As I said in the introduction, I will publish presentation, that are blog posts in which I will expose research articles or specific fields of research. This article is the first of the series and is about Xu et al article: The generalized Shockley-Queisser limit for nanostructured solar cells, Sci. Rep. As I said last week, the Shockley-Queisser theory limits the efficiency of solar cells. In this article, we will discuss these phenomena, in relation to Xu et al. article.
How to measure a solar cell’s performances?
For a good understanding of the Shockley-Queisser limit, we first need to define the main figures PV scientists are working with. These figures allow us to compare different solar cells.
Measuring a solar cell is usually done by scanning a voltage and measuring the current response under simulated illumination. Typical solar cells have a response as shown in this figure:
Some data are easily understandable: VOC is the open circuit current, the maximum voltage the cell will supply. The short circuit current JSC is the maximum current at zero resistance load.
Pmax is the maximum power the cell can deliver, defined by Pmax = VPmax × JPmax. Hence we can define the Fill Factor FF:
FF = Pmax /(VOC × JSC)
The Fill Factor compares the maximum power with the maximum current and voltage. It is always comprised between 0 and 1 and gives the information about how large the maximum power is in comparison with these two parameters.
Therefore, we define the Power Conversion Efficiency as the ratio of generated electric power and incoming light power:
PCE = Pmax / Plight = ISC×VOC×FF/Plight
Those parameters allow us to compare the efficiencies of different solar cells, independently of their sizes. When we talk about the efficiency of a solar cell, we always mean the Power Conversion Efficiency.
Theoretical limits for solar conversion
In a classic PN junction solar cell, the conversion of light into energy is based on the photoelectric effect. It is actually an interaction between an electromagnetic wave and matter, that can be modelled as atom chains, metals, semiconductors or dielectrics. One can picture the problem with Hamiltonians in a realistic potential. In that way, Shockley and Queisser discovered a mismatch between absorption and emission angles. In their 1961 article, they set a balance between incoming photon flux and the emission of other radiation. The calculus is based on a model in which the recombination of a hole-electron-pair is radiative. It is the main source of losses.
They make the assumption that solar cells and the sun behave as black bodies. For a planar solar cell, they compute the maximum efficiency that is found to be 30% for a 1.1eV gap. The model of a planar solar cell is of paramount importance: it is considered that the photons hit a planar surface without any delay or difference.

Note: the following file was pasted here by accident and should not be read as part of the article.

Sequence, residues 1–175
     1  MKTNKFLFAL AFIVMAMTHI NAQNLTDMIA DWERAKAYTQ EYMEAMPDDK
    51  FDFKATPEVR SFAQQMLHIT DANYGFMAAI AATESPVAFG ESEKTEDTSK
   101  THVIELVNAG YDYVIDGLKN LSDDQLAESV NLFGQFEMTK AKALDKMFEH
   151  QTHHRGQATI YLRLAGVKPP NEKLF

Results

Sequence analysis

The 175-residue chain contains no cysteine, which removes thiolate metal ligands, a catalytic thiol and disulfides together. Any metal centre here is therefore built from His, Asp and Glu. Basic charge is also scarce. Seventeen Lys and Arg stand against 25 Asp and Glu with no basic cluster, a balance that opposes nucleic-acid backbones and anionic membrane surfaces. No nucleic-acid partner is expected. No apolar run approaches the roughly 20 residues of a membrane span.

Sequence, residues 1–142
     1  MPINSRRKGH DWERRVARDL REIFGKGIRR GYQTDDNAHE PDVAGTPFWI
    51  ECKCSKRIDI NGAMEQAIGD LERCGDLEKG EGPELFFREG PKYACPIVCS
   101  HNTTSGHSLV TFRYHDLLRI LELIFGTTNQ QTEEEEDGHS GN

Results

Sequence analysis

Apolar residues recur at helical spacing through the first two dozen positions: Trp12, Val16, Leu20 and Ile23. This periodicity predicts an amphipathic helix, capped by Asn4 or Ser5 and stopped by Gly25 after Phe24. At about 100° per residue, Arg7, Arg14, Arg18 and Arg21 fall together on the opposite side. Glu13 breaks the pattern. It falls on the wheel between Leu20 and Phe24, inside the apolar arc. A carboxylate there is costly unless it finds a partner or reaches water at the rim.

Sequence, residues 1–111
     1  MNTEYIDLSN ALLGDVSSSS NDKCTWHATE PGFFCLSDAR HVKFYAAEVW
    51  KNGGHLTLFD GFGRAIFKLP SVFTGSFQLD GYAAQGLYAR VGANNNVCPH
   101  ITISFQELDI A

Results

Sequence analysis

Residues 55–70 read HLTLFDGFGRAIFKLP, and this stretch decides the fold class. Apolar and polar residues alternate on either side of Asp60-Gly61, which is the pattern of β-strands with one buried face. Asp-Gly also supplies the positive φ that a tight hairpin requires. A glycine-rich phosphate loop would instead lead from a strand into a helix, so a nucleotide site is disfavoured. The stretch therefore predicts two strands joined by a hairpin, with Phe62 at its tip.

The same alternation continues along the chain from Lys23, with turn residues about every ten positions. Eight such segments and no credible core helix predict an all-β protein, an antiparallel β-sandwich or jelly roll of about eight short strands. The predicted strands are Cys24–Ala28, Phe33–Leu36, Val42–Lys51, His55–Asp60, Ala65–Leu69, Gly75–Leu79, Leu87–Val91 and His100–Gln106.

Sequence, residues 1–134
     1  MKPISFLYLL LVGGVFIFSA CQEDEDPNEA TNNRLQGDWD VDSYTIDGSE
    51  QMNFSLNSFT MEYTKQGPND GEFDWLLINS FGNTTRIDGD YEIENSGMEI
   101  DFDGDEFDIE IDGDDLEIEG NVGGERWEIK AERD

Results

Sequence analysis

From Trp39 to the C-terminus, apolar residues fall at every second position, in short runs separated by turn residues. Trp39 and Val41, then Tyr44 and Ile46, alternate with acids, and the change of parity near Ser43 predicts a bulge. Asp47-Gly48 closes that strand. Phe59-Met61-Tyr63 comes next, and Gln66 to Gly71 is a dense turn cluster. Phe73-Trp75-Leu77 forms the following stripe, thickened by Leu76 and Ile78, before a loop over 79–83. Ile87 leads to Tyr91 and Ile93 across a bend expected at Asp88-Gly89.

Considering this hypothesis, one can wonder whether nanostructured solar cells (that cannot be considered as planar) behave with the same law or not. Xu et al. proved the Shockley-Queisser limit efficiency was still valid and proposed a model to adapt it.
Is the Shockley-Queisser limit still valid for third generation PV?
The main hypothesis of the Shockley-Queisser model is that photon ram a planar surface, restricting the maximum power conversion efficiency. A third-generation technology allows us to consider more photons, called Concentrated PV. In fact, a concentration device — like an optical lens or a parabolic mirror — is put above the cell, concentrating more photons upon it. Hence the photons hit the surface with a multitude of different angles. It boosts the efficiency of the considered solar cell. In this case, it is easy to understand that only one hypothesis that changes, expanding the PCE of the concentrator-solar cell device without changing the equations established by Shockley and Queisser in 1961.
Now consider a solar cell without any concentration device but with a structure that is not planar and that is composed of nanostructures. Because of the roughness of the surface, there is also a multitude of angles with which the photon can hit the surface. It allows magnification of the Power Conversion Efficiency the same way concentrated devices work.
Moreover, Xu et al. found that the emission angle is much closer to the acceptance angle for nanostructured devices. Then the entropy generated by this mismatch is lowered resulting in a voltage improvement. For this reason, Nanostructured solar cells have an efficiency limit of about 42%. I find the understanding of this phenomenon of outstanding significance for the improvement of high-efficiency solar cells.
As a conclusion, if the Shockley-Queisser limit seems to minimize the maximum efficiency of a solar cell, the article from Xu et al. shows that third generation photovoltaic technologies found ways to subvert it to boost it. In this example, the understanding of the limiting phenomena helped scientists to find ways to overcome it. That is what I find really interesting.
The cover photo is taken from École Polytechnique on flickr. The plot is under CC-By-Sa license: you can copy it, share it as long as you quote solarcell.science